Those looking for the ultimate in fireworks displays, should plan on dropping by the National Mall in Washington DC. Those that beat the rush, and get there early in the day, can claim one of the better viewing spots near the reflecting pool, and where the fireworks are launched on the evening of the 4th. Starting just after 9 PM, the night sky will explode in spectacular colors, illuminating the Lincoln and Washington Memorials, as well as the Capitol Building itself. It is truly a patriotic sight to behold.

There are, of course, plenty of other parks that are holding their own celebrations as well. Checkout the National Park Service website for more details on what is happening in your area, and start making plans to celebrate Independence Day 2011 in your favorite national park.

[Photo credit: UpstateNYer via WikiMedia Commons]

Gadling’s 2011 New Year’s travel resolutions

New Year'sIt’s that time of year again. A time when we all make certain promises to ourselves, in an attempt to make our lives more organized, our bodies stronger or leaner. We vow to spend more time with loved ones, give back to others, or ditch that cubicle job. And some of us…well, we just want to keep on traveling, any way we can manage to finagle it.

In the spirit of New Year’s, I asked my fellow Gadling contributors about their travel resolutions for the coming year, and came up with some of my own. Our goals are all over the map (no pun intended), but a common theme emerged. Despite our love of exotic adventures, most of us want to spend more time exploring in our own backyard (that would be the United States). That, and invent musical underwear.

Leigh Caldwell

  • Go on my first cruise.
  • Spend a weekend somewhere without Internet access, and, if I survive that…
  • Celebrate the Fourth of July with my family in Banner Elk, North Carolina, home of the quintessential small-town Independence Day. There’s a three-legged race, a rubber ducky race down a mountain stream, and a parade filled with crepe paper, balloons, and every kid and dog in town.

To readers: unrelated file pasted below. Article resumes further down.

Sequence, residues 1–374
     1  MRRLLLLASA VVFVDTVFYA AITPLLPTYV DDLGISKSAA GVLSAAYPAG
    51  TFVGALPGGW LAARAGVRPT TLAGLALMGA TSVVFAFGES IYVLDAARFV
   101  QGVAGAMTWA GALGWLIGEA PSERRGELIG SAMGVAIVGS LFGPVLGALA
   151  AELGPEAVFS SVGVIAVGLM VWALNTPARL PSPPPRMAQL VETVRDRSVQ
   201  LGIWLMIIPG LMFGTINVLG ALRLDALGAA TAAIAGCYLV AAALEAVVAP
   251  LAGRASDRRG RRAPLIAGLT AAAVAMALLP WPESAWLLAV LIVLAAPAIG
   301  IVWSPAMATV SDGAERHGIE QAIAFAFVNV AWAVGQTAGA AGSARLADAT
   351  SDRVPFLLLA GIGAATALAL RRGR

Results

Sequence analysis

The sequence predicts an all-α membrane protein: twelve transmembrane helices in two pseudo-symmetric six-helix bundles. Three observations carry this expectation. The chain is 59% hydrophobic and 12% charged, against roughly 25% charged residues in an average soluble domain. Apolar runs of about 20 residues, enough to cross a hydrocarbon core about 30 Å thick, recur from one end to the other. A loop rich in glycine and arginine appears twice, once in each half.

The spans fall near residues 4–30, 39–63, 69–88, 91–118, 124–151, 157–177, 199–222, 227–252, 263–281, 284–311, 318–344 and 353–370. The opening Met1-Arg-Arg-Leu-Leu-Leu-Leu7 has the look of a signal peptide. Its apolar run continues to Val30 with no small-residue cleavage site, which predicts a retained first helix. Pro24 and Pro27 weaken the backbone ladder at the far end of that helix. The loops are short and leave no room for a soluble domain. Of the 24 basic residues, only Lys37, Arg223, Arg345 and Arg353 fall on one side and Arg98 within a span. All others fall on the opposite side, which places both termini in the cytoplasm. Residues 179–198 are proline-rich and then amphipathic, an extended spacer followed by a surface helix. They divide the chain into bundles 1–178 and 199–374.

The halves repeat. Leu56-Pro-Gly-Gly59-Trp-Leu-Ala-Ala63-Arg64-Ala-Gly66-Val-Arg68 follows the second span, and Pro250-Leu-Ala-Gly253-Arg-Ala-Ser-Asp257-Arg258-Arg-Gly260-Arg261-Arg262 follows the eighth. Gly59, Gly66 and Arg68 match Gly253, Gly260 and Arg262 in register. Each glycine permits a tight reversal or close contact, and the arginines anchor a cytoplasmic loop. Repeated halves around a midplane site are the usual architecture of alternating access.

McLean Robbins

  • Quit my “day job” so I can do this full-time.

[Photo credit: Flickr user nlmAdestiny]New Year'sLaurel Miller

  • Get back in shape after a two-year battle with Oroya Fever (contracted in Ecuador), and climb a volcano in Bolivia.
  • Finally start exploring my adopted state of Washington, especially the Olympic Peninsula.
  • Visit India for the first time; see if it’s possible to subsist on street food without getting dysentery.
  • Learn to wear DEET at all times when traveling in countries that harbor nearly-impossible-to-diagnose diseases like Oroya Fever.

Sean MacLachlan

  • Get back to Ethiopia.
  • Explore Green Spain (the north part of the country).
  • Show my son a non-Western culture.
  • Invent an underwear stereo that plays cheap jazz music when subjected to a TSA patdown.

New Year's
Mike Barish

  • Drive cross country.
  • See the Grand Canyon (finally).
  • Finally learn how not to overpack.
  • And, for the fifth year in a row, I resolve to learn how to play the keytar (2011 has got to be the year!).

Darren Murph

  • Bound and determined to visit my 50th state, Alaska.
  • Dead-set on relocating a childhood friend of mine back to North Carolina, and then taking him on a road trip of some sort.

Meg Nesterov

  • Visit more places where I know people.
  • Be in more travel pictures and get my husband out from behind the
  • camera occasionally.
  • Take at least one guidebook-free and paperless trip. Okay, maybe one map.
  • Take better notes. I might think I’ll always remember the name of that fun-looking restaurant or weird sign I want to translate, but it’s easy to forget when you’re taking in so many new things.
  • See more of Turkey while I still live here. I spend so much time traveling to nearby countries, I have to be sure to see the landscape of Cappadocia and eat the food in Gaziantep before I go back to the U.S..New Year's

Grant Martin, Editor-in-Chief

  • Travel a bit less and work a bit more [Sure, Grant!].

Annie Scott Riley

  • Travel less alone, and more with my husband.

Alex Robertson Textor

  • More open-jaw travel, flying into one destination and traveling by land to another before returning home. It’s my favorite way to see a new or familiar territory–gradually and without any backtracking. I need to do it more often.
  • More thematic consistency in my travels. Instead of scrambling to meet whatever assignment comes my way, I want my travels in the next year to be focused on a region or two, and on a number of overarching questions or issues. I’m still collecting ideas: Remote European mountain villages? Neglected second-tier cities? The Caucasus?